Children of Color See More Violence at School—the St. Louis Shooting Is Part of That Trend

The family of the St. Louis shooter tried to warn police but like other mass shootings affecting our kids, this was "a perfect storm" of neglect.

Police outside of Central Visual and Performing Arts High School in St. Louis

Tim Vizer/AFP/Getty

For students across the country, their biggest priorities during school hours should be excelling in their classes and interacting with their peers. The unfortunate reality, however, is countless students worry if their school will be the next location of a mass shooting. And students of color are impacted by gunfire on school grounds at higher rates than white students.

On October 25, a Black 19-year-old gunman, Orlando Harris, killed a teacher and student at Central Visual and Performing Arts High School in St. Louis. Harris. A 2021 graduate of the school, he was taken into custody and later pronounced dead after he exchanged gunfire with law enforcement.

Harris’s story isn’t one of negligence, where family members knew about his mental health struggles or ownership of a gun and did nothing about it. St. Louis police commissioner Michael Sack has spoken with his family before, as they alerted him that they didn’t feel comfortable with Harris owning a gun. Sack ceased the weapon and Harris’s family had him seek care at a mental institution.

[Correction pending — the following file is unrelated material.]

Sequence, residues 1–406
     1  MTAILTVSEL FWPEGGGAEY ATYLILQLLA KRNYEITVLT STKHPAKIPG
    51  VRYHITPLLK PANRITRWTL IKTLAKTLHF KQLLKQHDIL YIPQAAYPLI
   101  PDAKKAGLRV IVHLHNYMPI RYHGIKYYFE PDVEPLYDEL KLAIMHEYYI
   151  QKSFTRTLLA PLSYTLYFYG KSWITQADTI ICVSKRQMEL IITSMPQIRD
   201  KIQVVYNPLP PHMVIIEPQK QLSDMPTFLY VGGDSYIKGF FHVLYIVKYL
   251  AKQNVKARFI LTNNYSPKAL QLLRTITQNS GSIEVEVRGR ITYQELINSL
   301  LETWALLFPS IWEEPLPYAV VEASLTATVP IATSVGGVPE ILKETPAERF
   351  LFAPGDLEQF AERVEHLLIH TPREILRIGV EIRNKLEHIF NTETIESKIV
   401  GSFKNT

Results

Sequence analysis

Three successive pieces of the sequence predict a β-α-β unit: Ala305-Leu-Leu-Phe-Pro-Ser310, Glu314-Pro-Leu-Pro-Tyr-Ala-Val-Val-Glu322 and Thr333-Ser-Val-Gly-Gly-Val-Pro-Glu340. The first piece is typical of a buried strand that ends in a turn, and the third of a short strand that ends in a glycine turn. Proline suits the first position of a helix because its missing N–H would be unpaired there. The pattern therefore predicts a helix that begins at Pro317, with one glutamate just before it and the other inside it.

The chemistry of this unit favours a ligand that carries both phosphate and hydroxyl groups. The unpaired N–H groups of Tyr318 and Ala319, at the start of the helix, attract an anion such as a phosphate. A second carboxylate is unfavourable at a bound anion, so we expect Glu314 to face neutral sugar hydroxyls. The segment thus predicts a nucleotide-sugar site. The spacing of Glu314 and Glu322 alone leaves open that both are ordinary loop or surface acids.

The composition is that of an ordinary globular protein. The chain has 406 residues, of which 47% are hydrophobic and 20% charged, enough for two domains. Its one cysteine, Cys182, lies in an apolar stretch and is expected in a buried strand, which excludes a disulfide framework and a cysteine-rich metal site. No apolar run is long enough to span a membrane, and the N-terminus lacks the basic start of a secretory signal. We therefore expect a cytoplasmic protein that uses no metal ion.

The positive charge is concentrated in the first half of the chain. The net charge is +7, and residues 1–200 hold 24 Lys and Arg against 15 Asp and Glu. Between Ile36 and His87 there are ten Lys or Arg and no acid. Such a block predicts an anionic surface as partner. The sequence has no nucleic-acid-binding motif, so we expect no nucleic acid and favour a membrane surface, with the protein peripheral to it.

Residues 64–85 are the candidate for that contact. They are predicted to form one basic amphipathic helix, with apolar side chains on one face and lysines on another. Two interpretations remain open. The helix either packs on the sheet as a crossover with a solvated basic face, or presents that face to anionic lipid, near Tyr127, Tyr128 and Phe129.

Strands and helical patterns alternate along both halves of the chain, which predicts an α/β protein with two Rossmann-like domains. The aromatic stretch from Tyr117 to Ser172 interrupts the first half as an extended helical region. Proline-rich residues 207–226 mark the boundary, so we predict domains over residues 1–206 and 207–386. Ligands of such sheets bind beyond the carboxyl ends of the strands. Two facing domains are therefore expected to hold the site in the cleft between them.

Despite these precautions, Harris still obtained an AR-15-style rifle and took two lives while injuring others, leaving a sobering note behind about how lonely and isolated he was not having any friends, family, or a girlfriend. “This was the perfect storm for a mass shooter,” his note read.

Although poor mental health can be a contributing factor to mass shootings, every nation has citizens that deal with those issues. Every nation doesn’t have the high rates of gun violence that the United States has. There have been more than 150 incidents of gunfire on school grounds since the beginning of this year according to the Everytown for Gun Safety tracker. That daunting number is in part due to lax gun laws in the country that allow individuals to obtain firearms rather easily. Still, it’s rare to discuss mass shootings without the conversation of mental health issues coming up.

Chase Cassine is a Black licensed clinical social worker and psychotherapist and has been in the mental health field for over eight years. He primarily works with Black Americans and other clients from marginalized communities who are dealing with trauma and psychiatric disorders like bipolar disorder, anxiety, and depression. In a profession that is majority white, Cassine and his qualifications can reach a particular demographic that might otherwise avoid seeking therapy.

“I didn't see anybody who looks like me,” Cassine said about entering the mental health profession. “Having empathy and compassion and care, those things are very important. But I also feel as a clinician, relatability is so important for a person who has experienced trauma.”